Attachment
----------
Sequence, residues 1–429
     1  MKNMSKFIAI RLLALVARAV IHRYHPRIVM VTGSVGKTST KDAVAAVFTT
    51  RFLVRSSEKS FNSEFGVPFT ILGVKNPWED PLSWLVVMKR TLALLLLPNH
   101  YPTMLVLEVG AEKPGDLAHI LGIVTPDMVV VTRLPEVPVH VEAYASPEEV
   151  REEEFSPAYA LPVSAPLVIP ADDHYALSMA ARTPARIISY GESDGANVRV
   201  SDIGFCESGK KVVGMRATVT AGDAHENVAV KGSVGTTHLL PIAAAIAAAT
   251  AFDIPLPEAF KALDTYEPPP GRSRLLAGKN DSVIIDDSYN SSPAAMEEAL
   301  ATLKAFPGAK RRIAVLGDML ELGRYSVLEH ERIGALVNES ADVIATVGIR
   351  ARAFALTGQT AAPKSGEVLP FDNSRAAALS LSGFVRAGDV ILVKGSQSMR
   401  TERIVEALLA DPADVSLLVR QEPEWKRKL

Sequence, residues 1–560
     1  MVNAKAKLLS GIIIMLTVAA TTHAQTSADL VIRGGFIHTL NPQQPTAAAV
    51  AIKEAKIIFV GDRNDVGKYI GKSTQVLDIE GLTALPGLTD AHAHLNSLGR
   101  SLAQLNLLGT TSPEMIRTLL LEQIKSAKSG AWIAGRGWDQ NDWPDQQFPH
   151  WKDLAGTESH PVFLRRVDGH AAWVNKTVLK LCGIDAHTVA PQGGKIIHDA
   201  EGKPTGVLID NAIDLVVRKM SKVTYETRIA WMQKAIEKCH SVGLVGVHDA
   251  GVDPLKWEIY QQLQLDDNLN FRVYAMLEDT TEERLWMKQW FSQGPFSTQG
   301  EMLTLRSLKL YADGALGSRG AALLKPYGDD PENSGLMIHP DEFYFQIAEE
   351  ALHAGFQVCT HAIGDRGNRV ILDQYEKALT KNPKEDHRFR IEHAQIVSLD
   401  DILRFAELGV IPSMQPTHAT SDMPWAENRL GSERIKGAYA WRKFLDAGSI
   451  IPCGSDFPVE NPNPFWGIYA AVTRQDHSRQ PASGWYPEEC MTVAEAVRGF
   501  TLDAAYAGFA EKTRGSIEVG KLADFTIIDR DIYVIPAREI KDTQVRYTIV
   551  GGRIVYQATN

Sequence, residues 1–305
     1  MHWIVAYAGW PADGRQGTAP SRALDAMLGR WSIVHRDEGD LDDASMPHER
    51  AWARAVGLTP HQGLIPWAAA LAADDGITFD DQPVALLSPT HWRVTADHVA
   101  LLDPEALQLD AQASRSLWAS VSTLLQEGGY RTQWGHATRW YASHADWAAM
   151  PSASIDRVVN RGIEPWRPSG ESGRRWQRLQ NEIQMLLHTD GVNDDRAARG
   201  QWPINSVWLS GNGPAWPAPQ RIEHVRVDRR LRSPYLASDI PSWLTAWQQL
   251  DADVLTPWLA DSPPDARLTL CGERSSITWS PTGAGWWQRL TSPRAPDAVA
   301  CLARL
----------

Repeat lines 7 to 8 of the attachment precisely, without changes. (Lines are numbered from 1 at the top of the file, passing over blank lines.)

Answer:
   251  AFDIPLPEAF KALDTYEPPP GRSRLLAGKN DSVIIDDSYN SSPAAMEEAL
   301  ATLKAFPGAK RRIAVLGDML ELGRYSVLEH ERIGALVNES ADVIATVGIR